Galaxy Zoo Talk

Subject: AGZ0002ch9

Subject AGZ0002ch9 Full subject data (JSON)

Comments

  • underearth by underearth

    red and green? why?

    Posted

  • ElisabethB by ElisabethB moderator

    There is even a blue part ! This is probably a fast moving asteroid.
    See the next post for zoomed out and rotated pic.

    Posted

  • ElisabethB by ElisabethB moderator

    http://skyservice.pha.jhu.edu/DR8/ImgCutout/getjpeg.aspx?ra=239.64798649&dec=38.41779927&scale=0.79224&width=512&height=512&opt=&query=

    Posted

  • lostlens by lostlens

    #artifact satellite trail

    Posted

  • planetaryscience by planetaryscience

    might it possibly be a geostationary satellite?

    Posted

  • Budgieye by Budgieye moderator

    fair question, geostationary satellites do "wobble" a bit see http://www.galaxyzooforum.org/index.php?topic=278575.msg512640#msg512640

    Posted

  • Budgieye by Budgieye moderator

    But then I might expect to see more nearby, since there are so many of them up there. Slow moving, so probably medium or high earth orbit.

    Posted

  • c_cld by c_cld

    There are also many rockets launchers of Cosmos , Molnya ,... satellites >= 34000km above earth at angular velocity ~6-12"/s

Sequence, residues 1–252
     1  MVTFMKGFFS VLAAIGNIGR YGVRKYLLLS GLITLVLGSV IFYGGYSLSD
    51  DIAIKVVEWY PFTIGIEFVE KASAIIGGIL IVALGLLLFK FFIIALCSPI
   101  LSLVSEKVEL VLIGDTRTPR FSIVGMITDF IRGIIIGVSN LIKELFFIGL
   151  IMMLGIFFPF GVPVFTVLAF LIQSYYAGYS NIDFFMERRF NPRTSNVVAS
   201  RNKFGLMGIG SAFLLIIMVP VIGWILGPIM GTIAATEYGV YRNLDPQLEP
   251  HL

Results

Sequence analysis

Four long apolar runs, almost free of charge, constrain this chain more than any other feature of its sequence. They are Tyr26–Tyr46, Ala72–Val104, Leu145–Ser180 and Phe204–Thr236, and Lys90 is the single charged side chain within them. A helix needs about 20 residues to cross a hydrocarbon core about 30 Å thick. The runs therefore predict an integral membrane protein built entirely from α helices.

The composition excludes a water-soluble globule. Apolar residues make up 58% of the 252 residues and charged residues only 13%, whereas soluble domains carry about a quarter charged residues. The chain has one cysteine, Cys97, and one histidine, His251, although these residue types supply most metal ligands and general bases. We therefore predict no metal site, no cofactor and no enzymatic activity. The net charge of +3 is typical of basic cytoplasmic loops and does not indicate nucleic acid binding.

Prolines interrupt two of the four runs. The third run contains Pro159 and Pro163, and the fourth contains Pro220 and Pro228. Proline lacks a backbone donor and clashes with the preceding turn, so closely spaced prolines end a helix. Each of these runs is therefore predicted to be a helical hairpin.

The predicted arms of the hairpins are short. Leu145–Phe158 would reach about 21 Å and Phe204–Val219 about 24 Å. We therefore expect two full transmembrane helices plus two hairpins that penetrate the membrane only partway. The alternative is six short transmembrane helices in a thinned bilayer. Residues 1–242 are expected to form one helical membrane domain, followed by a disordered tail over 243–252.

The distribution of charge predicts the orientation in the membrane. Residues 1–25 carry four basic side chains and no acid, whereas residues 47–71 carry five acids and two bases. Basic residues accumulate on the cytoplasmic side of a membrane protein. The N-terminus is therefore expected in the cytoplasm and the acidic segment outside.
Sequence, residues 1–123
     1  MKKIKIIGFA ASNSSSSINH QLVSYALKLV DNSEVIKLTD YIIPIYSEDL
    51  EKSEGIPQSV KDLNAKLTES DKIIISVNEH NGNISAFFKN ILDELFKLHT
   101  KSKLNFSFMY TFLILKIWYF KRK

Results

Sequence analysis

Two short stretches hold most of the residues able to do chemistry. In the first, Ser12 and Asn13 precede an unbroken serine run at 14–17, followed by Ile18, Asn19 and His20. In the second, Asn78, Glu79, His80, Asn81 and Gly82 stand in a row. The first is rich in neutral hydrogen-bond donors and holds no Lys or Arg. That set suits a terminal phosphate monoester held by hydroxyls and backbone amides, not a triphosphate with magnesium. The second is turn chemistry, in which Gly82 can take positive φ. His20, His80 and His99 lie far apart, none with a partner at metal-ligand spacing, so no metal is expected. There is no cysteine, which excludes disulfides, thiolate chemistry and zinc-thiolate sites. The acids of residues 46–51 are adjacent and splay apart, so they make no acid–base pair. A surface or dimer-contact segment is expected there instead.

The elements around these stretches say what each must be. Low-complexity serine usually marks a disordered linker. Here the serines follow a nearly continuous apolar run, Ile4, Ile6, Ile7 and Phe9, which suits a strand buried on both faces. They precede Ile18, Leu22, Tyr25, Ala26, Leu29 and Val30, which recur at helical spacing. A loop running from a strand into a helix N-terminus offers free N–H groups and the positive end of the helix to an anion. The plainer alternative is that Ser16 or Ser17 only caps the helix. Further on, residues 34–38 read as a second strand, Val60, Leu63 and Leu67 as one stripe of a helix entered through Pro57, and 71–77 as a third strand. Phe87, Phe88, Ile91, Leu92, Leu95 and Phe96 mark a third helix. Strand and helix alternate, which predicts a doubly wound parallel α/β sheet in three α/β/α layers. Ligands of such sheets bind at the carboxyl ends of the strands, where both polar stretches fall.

Posted

  • c_cld by c_cld

    That yields a trail of ~6-12' on a filter pic. To get a 1' trail or less, few satellites are there above 130000 km: ex. Integral or Geotail

    Posted

  • c_cld by c_cld

    Have in mind an SDSS filter pic of the moon would show a trail of ~29.6 arcsec

    The moon is drifting eastward ~13degree/day

    Posted

  • planetaryscience by planetaryscience

    so your conclusion is..? By the way, using the grid tool it appears that each line is about 22" long.

    Posted

  • c_cld by c_cld

    using Aladin in each filter gives 19.08" for 53.9s i.e. angular velocity of 0.318' / s

    corresponding to satellite distance ~25000-27000km

    Posted

  • c_cld by c_cld

    In this satellite category you have for example

    Insat 4A A5Rk (28913 2005-049-C) Orbit: Shape 659.0 km x 35808.3 km, Period 640.4 mn

    Posted

  • planetaryscience by planetaryscience

    thanks C_cld.

    Posted